José Bretón had two books on his bedside table. One was The Shining by Stephen King; the other was How to Make Friends and Influence People . This was one of the things that caught the eye of the policeman who was assigned to follow José Bretón while searches were conducted for his missing children between October 10 and 17, 2011.
It wasn't the only surprise in store for this officer, who shadowed Bretón - the main suspect in the disappearance - in a bid to earn his trust and get him to admit any knowledge of his two young children's whereabouts.
On Monday, the police officer testified for over two hours at the trial against Bretón for the double murder of Ruth, aged six, and José, aged two, on October 8, 2011. The prosecution claims that Bretón drugged and murdered his children and cremated their bodies in a homemade pyre on the family estate of Las Quemadillas, outside Córdoba. The father maintains that he simply lost sight of his kids while they were playing in a park.
The prosecution believes that Bretón's motive was clear and personal: he wanted to take revenge against the children's mother, Ruth Ortiz, who had asked him for a divorce. Prosecuting attorneys are requesting a 40-year sentence.
The subject of his missing children did not seem to interest him at all"
The police witness mentioned the suspect's cold attitude toward his children. He also mentioned that Bretón verbally abused his wife and reacted suspiciously to the discovery of prescriptions for drugs that investigators believe he used to poison his kids.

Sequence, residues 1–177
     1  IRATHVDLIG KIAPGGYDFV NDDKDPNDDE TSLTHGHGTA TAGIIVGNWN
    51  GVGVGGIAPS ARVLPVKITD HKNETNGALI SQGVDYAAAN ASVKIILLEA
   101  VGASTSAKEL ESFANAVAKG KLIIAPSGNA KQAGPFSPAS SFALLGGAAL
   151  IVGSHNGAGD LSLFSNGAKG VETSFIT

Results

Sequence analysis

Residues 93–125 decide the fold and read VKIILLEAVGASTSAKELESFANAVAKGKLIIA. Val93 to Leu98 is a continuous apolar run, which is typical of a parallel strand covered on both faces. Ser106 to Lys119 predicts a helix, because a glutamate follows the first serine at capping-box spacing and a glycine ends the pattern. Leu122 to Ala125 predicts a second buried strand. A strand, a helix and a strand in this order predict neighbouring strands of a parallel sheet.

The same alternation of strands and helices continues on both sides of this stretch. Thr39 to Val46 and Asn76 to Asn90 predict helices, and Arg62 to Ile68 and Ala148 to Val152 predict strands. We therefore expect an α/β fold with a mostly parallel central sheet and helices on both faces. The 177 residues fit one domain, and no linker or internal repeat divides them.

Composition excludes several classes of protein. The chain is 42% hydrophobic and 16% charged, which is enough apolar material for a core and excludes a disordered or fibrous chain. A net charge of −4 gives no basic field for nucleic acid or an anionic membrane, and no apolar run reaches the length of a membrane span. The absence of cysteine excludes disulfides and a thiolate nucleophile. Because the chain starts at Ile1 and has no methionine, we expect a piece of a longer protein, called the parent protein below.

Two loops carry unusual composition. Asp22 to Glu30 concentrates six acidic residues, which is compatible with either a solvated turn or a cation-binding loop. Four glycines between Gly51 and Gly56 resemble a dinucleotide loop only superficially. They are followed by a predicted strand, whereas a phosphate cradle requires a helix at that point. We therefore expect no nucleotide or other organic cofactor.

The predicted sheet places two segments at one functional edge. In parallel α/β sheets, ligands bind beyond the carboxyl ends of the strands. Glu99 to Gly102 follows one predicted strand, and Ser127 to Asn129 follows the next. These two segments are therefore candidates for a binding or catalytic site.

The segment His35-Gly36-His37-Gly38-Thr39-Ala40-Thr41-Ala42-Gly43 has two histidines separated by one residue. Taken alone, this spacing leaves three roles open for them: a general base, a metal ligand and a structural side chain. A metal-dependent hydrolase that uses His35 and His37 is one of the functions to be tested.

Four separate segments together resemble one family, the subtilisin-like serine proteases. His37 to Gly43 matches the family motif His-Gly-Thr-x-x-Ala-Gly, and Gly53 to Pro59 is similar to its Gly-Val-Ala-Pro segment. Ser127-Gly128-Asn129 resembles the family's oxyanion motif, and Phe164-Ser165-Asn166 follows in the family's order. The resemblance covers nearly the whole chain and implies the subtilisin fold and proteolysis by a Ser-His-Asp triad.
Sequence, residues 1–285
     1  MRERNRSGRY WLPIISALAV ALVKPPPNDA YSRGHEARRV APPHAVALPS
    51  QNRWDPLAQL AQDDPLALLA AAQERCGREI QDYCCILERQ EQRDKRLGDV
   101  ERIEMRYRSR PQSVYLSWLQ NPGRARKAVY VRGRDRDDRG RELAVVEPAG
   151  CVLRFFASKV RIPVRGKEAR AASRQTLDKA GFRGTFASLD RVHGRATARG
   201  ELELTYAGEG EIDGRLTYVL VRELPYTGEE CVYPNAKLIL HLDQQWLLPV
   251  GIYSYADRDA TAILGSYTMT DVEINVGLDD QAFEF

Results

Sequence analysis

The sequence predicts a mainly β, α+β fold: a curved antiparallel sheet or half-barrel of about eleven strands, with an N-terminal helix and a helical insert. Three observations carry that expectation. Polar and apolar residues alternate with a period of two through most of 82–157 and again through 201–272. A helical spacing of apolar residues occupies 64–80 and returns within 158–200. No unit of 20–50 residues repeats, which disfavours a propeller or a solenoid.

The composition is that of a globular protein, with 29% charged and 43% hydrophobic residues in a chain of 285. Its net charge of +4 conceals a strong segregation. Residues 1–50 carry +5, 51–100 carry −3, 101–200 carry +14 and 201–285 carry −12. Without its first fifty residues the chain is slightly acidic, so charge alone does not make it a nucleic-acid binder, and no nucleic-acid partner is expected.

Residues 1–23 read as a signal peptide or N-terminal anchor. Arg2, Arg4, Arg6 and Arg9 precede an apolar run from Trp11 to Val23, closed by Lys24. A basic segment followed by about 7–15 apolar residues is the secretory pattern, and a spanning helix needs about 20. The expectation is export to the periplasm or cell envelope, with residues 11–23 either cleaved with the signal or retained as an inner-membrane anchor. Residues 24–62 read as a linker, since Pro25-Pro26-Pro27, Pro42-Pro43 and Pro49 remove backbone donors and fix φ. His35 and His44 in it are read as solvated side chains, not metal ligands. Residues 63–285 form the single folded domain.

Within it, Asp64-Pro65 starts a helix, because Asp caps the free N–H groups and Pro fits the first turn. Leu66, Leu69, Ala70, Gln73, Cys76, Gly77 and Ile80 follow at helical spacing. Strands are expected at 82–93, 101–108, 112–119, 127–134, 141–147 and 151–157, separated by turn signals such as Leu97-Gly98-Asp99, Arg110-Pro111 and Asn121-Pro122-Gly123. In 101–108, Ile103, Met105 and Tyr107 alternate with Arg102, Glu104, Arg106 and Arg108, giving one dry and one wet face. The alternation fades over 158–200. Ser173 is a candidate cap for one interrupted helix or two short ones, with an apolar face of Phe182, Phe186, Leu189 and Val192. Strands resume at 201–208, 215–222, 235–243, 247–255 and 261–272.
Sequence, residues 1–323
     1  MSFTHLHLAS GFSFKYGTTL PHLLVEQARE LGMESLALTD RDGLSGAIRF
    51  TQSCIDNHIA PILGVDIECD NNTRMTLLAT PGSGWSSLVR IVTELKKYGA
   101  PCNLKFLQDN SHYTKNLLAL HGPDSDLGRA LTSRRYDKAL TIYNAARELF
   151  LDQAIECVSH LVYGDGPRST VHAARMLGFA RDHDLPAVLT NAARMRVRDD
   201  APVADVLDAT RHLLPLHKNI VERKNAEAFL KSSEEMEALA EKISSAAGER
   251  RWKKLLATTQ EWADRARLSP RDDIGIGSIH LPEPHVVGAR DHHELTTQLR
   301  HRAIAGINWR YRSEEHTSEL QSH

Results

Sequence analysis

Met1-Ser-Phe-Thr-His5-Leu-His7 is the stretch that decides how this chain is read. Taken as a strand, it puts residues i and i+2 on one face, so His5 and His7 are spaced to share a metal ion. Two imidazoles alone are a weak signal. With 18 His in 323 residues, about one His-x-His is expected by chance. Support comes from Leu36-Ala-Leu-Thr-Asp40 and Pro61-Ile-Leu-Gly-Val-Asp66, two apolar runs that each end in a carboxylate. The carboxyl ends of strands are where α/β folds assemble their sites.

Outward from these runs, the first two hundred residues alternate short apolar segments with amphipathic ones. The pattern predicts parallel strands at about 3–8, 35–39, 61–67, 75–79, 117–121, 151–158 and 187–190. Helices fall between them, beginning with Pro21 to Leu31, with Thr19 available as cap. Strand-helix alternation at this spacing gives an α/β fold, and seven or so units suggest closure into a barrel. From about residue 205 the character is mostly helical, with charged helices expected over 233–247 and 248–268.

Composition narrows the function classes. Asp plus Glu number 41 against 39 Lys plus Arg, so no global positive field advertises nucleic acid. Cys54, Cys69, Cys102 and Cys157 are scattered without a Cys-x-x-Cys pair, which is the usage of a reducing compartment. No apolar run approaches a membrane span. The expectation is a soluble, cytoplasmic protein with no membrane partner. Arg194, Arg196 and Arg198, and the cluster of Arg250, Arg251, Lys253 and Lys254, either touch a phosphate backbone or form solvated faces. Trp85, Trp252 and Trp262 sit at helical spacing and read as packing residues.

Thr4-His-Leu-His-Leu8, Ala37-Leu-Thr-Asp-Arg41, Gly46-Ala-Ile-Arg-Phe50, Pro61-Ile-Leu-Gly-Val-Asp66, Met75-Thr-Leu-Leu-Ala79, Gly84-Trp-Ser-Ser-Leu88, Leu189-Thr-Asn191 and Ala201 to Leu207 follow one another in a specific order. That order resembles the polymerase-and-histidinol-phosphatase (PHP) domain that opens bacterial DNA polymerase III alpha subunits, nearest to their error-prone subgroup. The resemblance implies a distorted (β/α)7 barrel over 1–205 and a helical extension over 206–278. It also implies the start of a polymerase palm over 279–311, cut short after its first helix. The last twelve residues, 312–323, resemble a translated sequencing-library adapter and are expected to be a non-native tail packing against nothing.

Moreover, the officer noted Bretón's unusual attitude as he stood in front of the remains of the bonfire where he is thought to have burned the bodies at a very high temperature, to avoid leaving any recognizable remains behind. Eventually, forensic experts determined that several teeth found at the site belonged to humans of the same age range as the two missing children.
The law enforcement official emphasized Bretón's erratic behavior. "I was always surprised," said the officer. "I wasn't expecting such a cold, unemotional, distant kind of person. He didn't have the normal guilty feelings that parents experience in similar situations. The subject of his children did not seem to interest him at all."
That is why, before Bretón was formally charged and arrested, the law enforcement agent struck up a random conversation with him in an attempt to bring up the subject in a roundabout manner. On occasion, he noted, Bretón's impassive façade seemed to crack, like the time when investigators found the drug prescriptions.
"Bretón was standing there, all rigid and wild-eyed. 'Where are the pills?' I asked him. 'I don't know,' he replied. 'Where did you buy the pills?' I insisted. 'I can't remember,' he said. I didn't ask any more questions, but I didn't like this pill business at all," the officer testified.
Then, on October 17, tired of all the hazy responses, the policeman took Bretón back to the bonfire site and asked if this place brought back memories. "He didn't reply, and he just hung his head low. I insisted: 'Are the children here?' And he answered: 'Nearby. Go ahead and arrest me'."
Then when they walked into the house, Bretón sat down on a couch and placed his head between his hands. "I told my superiors that this man had killed his children and that he was asking to be arrested," says the law enforcement agent.
However, Bretón later retracted his confession. He has since maintained that he doesn't know where Ruth and José are.